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Benelli semi-auto rifle...

Discussion in 'Rifle Country' started by chute2thrill, Dec 28, 2008.

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  1. chute2thrill

    chute2thrill Member

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    I was wondering why Benelli or no one else has come up with a recoil operated rifle. I would think Benelli would do this off of their inertia driven shotgun and with a detachable magazine it could be a great success if it worked. I would definatly want a modern centerfire semi-auto that didn't have the problems that a gas system does..
    Please tell me why this hasn't happened or why it wouldn't work...
     
  2. sernv99

    sernv99 Member

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    a .300WM in a recoil operated gun??? :eek:I assume you are talking about the Benelli R1 hunting rifle and why it is not recoil operated??
     
  3. jerkface11

    jerkface11 Member

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    What problems does a gas system have?
     
  4. chute2thrill

    chute2thrill Member

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    No I'm talking about a recoil operated gun from .223 to .30-06.. I understand that .300 WM might be a little much in a recoil operated gun but with recoil energy up to 12 gauge level? Most 12 gauges i've shot kick harder with 2 3/4 birdshot than my .30-06 does with 185gr. loads..

    I'm not just talking about Benelli, I'm wondering why no one has done it with an actual rifle cartridge. I just think it would be nice to have something similar to what Benelli has going with their inertia-driven shotguns in a rifle...
     
  5. Pulse

    Pulse Member

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    is roller delayed blowback not something like that?

    H&K's G3, the CETME rifles and the SIG510 have it.
    also the MG42 and the Rheinmetall MG3 have a recoil operated mechanism?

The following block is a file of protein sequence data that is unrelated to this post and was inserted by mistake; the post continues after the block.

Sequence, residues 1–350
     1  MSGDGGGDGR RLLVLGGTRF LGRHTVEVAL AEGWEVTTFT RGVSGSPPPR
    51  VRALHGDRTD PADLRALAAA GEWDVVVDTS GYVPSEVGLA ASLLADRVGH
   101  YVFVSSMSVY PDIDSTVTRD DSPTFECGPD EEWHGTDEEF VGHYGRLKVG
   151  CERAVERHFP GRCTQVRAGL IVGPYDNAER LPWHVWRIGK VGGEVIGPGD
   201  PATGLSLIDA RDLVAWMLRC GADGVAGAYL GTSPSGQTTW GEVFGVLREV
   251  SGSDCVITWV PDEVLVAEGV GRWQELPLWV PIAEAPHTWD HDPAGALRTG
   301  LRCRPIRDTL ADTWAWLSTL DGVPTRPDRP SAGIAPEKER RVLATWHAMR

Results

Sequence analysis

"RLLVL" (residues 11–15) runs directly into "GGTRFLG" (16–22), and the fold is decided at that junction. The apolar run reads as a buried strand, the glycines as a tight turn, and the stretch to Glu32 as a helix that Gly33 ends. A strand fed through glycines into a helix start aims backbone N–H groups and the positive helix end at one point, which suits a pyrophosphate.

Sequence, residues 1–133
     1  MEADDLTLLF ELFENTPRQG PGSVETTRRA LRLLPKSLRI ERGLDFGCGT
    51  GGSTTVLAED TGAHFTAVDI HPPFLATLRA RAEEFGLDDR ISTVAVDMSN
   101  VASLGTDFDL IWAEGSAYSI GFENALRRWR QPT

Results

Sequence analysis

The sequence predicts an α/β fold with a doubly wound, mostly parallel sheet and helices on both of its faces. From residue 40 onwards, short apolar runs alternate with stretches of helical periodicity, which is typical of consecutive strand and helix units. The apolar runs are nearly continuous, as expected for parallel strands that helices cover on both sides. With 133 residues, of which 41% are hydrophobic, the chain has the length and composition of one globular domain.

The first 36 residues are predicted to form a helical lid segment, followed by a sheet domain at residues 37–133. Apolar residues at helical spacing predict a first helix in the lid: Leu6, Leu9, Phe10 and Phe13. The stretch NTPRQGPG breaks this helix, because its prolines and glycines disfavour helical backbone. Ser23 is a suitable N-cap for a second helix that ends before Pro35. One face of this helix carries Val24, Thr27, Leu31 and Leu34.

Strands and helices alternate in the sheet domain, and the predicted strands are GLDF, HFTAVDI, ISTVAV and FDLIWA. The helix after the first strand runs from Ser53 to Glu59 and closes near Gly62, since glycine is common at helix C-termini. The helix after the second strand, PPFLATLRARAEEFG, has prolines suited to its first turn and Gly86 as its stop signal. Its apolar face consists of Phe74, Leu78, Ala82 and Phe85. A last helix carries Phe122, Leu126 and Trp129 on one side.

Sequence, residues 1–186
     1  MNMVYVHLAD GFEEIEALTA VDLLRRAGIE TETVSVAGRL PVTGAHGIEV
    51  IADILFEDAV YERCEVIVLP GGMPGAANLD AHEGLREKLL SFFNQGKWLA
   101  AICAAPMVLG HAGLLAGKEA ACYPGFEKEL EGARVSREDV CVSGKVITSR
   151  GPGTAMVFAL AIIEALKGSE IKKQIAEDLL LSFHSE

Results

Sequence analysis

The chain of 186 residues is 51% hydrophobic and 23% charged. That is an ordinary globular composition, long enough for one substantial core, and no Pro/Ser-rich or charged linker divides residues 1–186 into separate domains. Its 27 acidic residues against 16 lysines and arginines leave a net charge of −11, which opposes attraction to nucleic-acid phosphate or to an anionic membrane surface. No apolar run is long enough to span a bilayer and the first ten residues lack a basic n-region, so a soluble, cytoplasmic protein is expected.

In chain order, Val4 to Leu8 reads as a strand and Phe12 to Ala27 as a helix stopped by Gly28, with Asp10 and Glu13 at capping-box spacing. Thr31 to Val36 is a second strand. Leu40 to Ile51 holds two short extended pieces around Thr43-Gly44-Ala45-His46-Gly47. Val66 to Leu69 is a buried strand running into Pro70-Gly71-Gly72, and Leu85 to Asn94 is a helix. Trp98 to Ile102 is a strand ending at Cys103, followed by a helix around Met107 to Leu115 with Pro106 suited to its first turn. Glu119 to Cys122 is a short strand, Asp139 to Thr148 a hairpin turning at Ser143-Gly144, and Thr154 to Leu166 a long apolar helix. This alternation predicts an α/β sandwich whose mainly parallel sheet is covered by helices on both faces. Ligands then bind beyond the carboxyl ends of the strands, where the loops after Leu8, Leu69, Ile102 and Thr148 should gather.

6. chute2thrill

    chute2thrill Member

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    Thanks Pulse.. I'm currently reading up on "Blowback" on wikipedia... I feel smarter :)
     
  7. winston smith

    winston smith Member

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    Benelli was going to do just that for the US military, but the military wanted to have options of hanging things on the rifle; the Sjogren inertia concept can't handle that. The gun must be able to recoil a consistant amount while the inertia weight remains stationary.

    I almost experimented back in the '80s with an inertia spring from the Benelli in an M1A1- I was going to place it between the piston and op rod, with a small cut in the rod where the bolt cam is to allow it to recoil. It would have eliminated the piston, gas system and let the barrel free float. It might have blown up in my face. Just ran out of time....

    Now look at the SOCOM stuff on the M14! Inertia requires ballance.
     
  8. chute2thrill

    chute2thrill Member

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    I see I see... I think it would be great if Benelli would still go ahead and make a rifle based on the inertia action.. Theres another thread going right now thats talking about recoil-operated rifles and why they aren't used in the military.. That was going to be another question of mine...
     
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